“Expanding Medicaid is a major policy decision with significant long-term economic and health consequences,” said Susan Zepeda, president and CEO of Foundation for a Healthy Kentucky.  “Our Kentucky Health Issues Poll shows that a vast majority of Kentuckians – more than 80 percent — favor providing access to affordable, quality health care for all Americans.  We applaud the Governor’s decision.”

“Uninsured individuals often utilize emergency rooms for conditions which could be more appropriately and inexpensively treated by a primary care provider,” said Dr. Michael Karpf, executive vice president for health affairs at the University of Kentucky. “Expanding Medicaid coverage will create opportunities to improve access to care and improve the ability of organizations such as UK HealthCare to more effectively manage both acute and chronic conditions for our most vulnerable patient populations.”

“The Governor’s decision to expand Medicaid coverage to uninsured Kentuckians is significant for county governments.  Fiscal courts pay a tremendous amount for the medical coverage of jail inmates.  This coverage for catastrophic medical needs of inmates will greatly reduce jail medical costs for counties,” said Vince Lange, executive director of the Kentucky County Judge/Executive Association.

“Today, the Governor of Kentucky is making a decision that will provide the largest benefit to low-income Kentuckians in over 40 years,” said Natalie Harris, executive director of the Coalition for the Homeless.  “The Coalition for the Homeless strongly supports this decision which will insure health care for over 95 percent of homeless Kentuckians from the present coverage rate of 15 percent.”

The ‘Arkansas Option’ is More Expensive, Costs Outpace Benefits

Arkansas plans to provide health insurance to individuals at 138 percent of FPL or below, but instead of enrolling them in Medicaid, Arkansas plans to purchase private insurance through their Health Benefits Exchange (HBE). While HBE rates are not yet available, preliminary information from the Congressional Budget Office and Massachusetts indicates that this option could be 50 percent to 66 percent more expensive than traditional Medicaid.

If that plan were applied to Kentucky, not only would costs exceed benefits by 2021, but we would likely never make up the loss.  Beyond 2021, costs are expected to grow at nearly 4 percent annually, while the combined benefits would only increase at 2 percent, meaning that the gap would continue to expand over time.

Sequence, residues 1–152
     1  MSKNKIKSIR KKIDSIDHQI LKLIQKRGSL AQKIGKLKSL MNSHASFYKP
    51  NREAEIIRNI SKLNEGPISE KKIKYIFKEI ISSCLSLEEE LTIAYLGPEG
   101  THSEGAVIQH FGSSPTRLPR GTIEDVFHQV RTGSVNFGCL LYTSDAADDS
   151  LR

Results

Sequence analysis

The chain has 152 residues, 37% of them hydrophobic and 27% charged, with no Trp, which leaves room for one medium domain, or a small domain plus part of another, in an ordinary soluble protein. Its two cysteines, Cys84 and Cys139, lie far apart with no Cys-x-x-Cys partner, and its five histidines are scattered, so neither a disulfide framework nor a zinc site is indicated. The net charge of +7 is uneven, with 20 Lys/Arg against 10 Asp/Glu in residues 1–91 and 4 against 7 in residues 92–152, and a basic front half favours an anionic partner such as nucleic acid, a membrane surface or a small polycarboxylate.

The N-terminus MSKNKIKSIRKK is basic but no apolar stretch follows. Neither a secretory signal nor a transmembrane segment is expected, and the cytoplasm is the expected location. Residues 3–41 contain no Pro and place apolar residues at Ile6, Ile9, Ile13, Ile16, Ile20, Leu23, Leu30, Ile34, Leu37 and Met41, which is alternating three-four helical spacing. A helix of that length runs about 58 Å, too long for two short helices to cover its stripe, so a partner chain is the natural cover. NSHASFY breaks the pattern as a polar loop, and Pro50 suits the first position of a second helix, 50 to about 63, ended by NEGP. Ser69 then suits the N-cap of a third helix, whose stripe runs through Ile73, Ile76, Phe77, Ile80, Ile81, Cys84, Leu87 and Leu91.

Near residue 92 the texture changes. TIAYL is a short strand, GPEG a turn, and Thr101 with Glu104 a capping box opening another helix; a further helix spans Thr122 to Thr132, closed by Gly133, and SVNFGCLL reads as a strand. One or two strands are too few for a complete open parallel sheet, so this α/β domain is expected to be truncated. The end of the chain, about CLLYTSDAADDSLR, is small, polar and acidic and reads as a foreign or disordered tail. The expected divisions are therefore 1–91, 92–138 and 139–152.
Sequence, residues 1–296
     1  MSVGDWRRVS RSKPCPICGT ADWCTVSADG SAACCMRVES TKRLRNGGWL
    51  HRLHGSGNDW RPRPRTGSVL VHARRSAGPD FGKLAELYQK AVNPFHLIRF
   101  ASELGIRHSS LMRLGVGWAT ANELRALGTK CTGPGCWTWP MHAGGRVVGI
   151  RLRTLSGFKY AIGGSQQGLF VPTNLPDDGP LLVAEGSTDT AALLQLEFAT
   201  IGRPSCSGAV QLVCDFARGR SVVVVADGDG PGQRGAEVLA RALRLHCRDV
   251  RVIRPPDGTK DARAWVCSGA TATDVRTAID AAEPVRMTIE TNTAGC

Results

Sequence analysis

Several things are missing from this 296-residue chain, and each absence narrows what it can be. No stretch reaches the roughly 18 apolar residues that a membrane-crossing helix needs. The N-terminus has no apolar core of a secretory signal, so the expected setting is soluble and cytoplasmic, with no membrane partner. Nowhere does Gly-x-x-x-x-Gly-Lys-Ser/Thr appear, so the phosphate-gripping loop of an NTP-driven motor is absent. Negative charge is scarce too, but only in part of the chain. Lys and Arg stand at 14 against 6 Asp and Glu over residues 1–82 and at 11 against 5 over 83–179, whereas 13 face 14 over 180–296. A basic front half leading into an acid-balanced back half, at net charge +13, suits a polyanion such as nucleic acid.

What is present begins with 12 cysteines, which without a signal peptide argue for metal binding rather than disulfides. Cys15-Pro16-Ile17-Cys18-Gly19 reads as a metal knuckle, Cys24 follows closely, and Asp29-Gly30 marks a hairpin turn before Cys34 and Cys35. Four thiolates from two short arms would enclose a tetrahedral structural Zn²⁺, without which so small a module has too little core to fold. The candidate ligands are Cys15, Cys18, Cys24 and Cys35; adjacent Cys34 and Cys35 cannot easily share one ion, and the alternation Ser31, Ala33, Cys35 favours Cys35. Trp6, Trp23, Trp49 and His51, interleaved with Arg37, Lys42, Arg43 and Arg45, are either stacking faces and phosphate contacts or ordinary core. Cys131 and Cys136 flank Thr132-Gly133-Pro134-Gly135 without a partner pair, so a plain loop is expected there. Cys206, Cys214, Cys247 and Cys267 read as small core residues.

Who is Eligible for Kentucky Medicaid

In Kentucky, Medicaid or Kentucky Children’s Health Insurance Program (KCHIP) benefits are currently available to:

·         Adults if they have disability, serve as the caretaker relative for a child who is eligible for Medicaid and on average has income below 43 percent of (FPL), or are pregnant; and

·         Children with family income up to 200 percent of FPL.

Expansion will allow more than 308,000 Kentuckians to access reliable, quality health care.  The new threshold of 138 percent of FPL means a single person with no children earning less than $15,856 per year is eligible to sign up for Medicaid.  A family of four with an annual income of less than $32,499 is also eligible.

Most of the Kentuckians who will be eligible are the working poor. This includes people who work at minimum wage jobs for fewer than 40 hours per week; individuals who are self-employed; or single parents whose children are covered through KCHIP.

Jana Bailey of Berea is one of the hundreds of thousands of Kentuckians who will have health insurance thanks to the expansion.  She and her husband have four children, and while her husband has health coverage through his job, Jana does not.  “I work part time, but we cannot afford health care coverage for me,” said Bailey.  “I will no longer have the added stress of hoping nothing happens to me because I don’t have health care coverage.  This program will greatly benefit my family as well as many others throughout our state who are in the same situation.”